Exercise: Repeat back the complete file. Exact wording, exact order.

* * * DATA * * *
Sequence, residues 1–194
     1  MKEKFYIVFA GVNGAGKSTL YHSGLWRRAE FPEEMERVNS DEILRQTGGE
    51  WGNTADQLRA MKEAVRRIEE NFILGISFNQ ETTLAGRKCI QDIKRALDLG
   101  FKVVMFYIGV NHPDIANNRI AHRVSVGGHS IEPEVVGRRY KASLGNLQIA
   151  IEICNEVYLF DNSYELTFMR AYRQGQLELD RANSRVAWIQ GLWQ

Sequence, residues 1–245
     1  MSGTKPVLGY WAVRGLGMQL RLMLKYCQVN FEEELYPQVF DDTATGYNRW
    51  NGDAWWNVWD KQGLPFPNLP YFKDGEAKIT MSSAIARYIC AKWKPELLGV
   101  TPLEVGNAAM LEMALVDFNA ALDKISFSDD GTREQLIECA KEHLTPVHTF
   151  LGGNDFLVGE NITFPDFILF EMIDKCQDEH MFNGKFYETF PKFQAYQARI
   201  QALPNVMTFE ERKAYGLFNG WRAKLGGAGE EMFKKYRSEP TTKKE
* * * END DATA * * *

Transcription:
Sequence, residues 1–194
     1  MKEKFYIVFA GVNGAGKSTL YHSGLWRRAE FPEEMERVNS DEILRQTGGE
    51  WGNTADQLRA MKEAVRRIEE NFILGISFNQ ETTLAGRKCI QDIKRALDLG
   101  FKVVMFYIGV NHPDIANNRI AHRVSVGGHS IEPEVVGRRY KASLGNLQIA
   151  IEICNEVYLF DNSYELTFMR AYRQGQLELD RANSRVAWIQ GLWQ

Sequence, residues 1–245
     1  MSGTKPVLGY WAVRGLGMQL RLMLKYCQVN FEEELYPQVF DDTATGYNRW
    51  NGDAWWNVWD KQGLPFPNLP YFKDGEAKIT MSSAIARYIC AKWKPELLGV
   101  TPLEVGNAAM LEMALVDFNA ALDKISFSDD GTREQLIECA KEHLTPVHTF
   151  LGGNDFLVGE NITFPDFILF EMIDKCQDEH MFNGKFYETF PKFQAYQARI
   201  QALPNVMTFE ERKAYGLFNG WRAKLGGAGE EMFKKYRSEP TTKKE